Rapid degradation of cyclic peroxides by titanium and antimony chlorides†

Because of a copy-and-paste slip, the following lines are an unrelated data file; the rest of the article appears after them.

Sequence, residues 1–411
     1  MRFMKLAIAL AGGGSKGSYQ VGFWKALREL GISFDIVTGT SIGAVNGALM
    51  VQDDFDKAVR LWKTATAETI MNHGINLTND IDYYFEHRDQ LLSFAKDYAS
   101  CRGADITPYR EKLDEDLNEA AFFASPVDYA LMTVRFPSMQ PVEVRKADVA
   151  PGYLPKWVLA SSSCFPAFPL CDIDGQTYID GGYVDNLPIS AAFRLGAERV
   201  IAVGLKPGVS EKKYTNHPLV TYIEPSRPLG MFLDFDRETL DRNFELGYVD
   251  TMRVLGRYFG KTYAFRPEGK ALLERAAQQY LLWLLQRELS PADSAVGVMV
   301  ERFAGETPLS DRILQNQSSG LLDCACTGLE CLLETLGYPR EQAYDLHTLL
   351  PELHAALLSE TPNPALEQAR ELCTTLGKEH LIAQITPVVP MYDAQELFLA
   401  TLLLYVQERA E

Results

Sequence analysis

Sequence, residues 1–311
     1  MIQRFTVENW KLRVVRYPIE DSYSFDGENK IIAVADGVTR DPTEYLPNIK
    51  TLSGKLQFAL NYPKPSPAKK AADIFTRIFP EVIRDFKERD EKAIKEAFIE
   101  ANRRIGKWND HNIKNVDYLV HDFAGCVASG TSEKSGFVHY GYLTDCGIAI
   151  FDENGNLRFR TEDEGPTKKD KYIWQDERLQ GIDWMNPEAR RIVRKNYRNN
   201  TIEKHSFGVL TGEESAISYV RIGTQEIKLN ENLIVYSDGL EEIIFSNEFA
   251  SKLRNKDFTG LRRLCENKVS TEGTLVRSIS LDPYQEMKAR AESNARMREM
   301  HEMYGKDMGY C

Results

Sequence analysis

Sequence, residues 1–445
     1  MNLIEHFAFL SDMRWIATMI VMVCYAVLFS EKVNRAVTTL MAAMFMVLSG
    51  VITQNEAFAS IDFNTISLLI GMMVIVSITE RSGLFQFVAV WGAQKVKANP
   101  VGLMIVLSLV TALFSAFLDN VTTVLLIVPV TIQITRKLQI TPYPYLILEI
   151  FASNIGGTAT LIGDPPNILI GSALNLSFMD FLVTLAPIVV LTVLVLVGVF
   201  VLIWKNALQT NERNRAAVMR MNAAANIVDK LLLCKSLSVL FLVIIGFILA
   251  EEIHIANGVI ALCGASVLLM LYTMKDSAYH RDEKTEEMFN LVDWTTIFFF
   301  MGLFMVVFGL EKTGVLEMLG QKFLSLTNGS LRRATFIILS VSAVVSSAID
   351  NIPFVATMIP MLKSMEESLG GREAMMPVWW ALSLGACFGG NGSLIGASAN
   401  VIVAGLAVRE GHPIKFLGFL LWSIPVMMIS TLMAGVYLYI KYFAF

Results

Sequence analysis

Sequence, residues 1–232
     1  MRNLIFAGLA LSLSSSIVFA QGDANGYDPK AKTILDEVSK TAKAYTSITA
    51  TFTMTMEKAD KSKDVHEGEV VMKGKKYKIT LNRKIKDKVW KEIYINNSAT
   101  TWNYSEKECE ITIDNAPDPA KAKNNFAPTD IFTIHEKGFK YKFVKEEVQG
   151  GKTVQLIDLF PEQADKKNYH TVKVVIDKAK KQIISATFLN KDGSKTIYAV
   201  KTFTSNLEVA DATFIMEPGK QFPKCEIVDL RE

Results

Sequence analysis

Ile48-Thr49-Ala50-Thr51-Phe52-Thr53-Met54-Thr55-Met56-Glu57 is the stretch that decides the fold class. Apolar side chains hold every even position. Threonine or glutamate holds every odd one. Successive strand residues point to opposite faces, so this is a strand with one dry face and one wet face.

First responders face extraordinary risks when dealing with organic peroxides such as TATP due to the extreme sensitivity of this class of explosives, and to a lack of a robust chemical means of safe and rapid neutralisation. The Lewis acids TiCl4 and SbCl3 have been found to demonstrate a novel degradation mechanism, with TiCl4 degrading a model cyclic peroxide in minutes when used in a two-fold excess, or ∼3 hours at half equivalence. The products cannot re-form peroxide compounds as is the case with acid degradation, suggesting the two mechanisms are fundamentally different. The Lewis acids mediate a rearrangement reaction in the cyclic peroxide backbone leading to relatively innocuous products through deactivation of oxidising O. Sub-stoichiometric TiCl4 reactions highlight a secondary reaction pathway that also leads to some oxidative chlorination products, possibly mediated by an unconfirmed titanium-oxychloride species. SbCl3 was found to exhibit similar reactivity to TiCl4, although at a slower rate. A mechanism is proposed, consistent with the observations for both stoichiometric and sub-stoichiometric quantities of TiCl4.